Empirical research within the Software Engineering field is a fairly new discipline. This calls for the development of new methods and new standards for how to perform and report experimental procedures and results. For research to be of interest for the community we need to know how the research has been performed, and within which context. Through the CONTEXT project, employees and M.Sc. students at Simula Research Laboratories have performed a survey on all controlled experiments reported in 12 leading journals and conferences during the period 1993 to 2002; a total of 118 experiments from 107 papers. Our aim has been to find out how the experiments are reported – what information is supplied, and to some extent the quality of this information.
The focus of this thesis is on the subjects participating in the experiments. What information is provided regarding who they are and their backgrounds, and to what extent variables that might be of relevance for the validity and generalizability are described. This gives an indication of the maturity of this research.
Almost all controlled experiments in our field are aimed at the professional population, yet only 26 % of the experiments in our survey used professionals as subjects. Only 19 % of the experiments using students as subjects generalize their findings to professionals. The heterogeneity of the subjects is generally not given much attention, as differences between them are rarely discussed and background variables often described in little detail. We have found that whether or not it is appropriate to use students as subjects is highly dependent on the issue studied and which populations the research is targeting. The terms “student” and “professional” are in many cases misleading, as these may not be relevant for the task at hand. It may often make more sense to talk about novices and experts.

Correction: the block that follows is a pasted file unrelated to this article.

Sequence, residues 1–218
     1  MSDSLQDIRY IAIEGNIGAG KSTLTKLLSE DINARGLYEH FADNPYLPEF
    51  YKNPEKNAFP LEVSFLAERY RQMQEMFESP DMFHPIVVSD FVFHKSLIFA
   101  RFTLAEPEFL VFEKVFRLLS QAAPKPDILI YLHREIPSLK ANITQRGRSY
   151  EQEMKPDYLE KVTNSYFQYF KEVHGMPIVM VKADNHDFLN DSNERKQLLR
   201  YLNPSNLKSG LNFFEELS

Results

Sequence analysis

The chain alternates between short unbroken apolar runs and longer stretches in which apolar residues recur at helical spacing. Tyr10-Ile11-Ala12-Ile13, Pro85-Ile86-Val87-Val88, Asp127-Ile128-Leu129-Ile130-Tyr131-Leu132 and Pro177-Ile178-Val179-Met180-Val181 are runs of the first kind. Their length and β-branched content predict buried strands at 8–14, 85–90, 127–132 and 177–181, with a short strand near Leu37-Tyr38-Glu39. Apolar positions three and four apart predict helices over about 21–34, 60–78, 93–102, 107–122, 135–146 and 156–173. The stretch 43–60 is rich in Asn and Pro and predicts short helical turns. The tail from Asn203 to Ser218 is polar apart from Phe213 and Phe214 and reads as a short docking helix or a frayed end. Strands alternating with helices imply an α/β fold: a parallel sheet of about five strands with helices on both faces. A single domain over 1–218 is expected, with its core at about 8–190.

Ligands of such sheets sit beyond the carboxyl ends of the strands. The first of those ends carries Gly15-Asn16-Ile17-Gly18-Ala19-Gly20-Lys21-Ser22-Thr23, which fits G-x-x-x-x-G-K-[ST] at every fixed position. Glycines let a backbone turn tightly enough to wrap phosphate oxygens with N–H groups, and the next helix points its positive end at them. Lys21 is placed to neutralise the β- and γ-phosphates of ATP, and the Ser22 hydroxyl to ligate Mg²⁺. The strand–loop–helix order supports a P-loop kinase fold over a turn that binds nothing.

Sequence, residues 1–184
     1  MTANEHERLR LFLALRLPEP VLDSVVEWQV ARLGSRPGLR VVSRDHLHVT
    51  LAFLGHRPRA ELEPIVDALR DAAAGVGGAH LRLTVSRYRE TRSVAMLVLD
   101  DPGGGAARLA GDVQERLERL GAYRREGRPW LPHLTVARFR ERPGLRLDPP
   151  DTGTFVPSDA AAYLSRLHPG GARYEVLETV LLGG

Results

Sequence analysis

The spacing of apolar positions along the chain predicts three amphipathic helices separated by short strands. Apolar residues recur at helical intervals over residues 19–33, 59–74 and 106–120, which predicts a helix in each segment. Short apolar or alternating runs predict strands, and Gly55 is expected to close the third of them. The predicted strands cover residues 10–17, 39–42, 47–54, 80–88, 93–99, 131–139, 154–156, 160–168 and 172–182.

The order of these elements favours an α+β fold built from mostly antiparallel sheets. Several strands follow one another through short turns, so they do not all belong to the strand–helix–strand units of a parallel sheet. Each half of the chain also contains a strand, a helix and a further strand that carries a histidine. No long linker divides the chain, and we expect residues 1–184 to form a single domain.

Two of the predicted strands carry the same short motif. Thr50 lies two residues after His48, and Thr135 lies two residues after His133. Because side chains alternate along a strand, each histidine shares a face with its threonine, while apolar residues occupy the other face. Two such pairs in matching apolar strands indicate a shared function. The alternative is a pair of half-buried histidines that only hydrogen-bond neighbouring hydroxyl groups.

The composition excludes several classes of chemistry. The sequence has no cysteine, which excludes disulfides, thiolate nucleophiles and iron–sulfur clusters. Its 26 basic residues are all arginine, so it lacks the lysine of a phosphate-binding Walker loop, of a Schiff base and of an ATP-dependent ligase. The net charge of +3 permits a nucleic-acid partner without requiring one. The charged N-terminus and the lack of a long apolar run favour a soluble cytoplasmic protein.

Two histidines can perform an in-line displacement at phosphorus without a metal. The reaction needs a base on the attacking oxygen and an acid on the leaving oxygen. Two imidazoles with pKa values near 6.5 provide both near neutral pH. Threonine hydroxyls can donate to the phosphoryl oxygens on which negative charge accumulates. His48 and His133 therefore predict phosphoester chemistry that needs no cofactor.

The overall impression of controlled experiments in the SE field is that this discipline is developing, but not yet mature. Our analysis shows that there is a need for standards and guidelines that authors should adhere to when publishing their work. Today many papers provides so little information that it is difficult for the reader to get an impression of to what extent the results are valid, and if they are – to whom.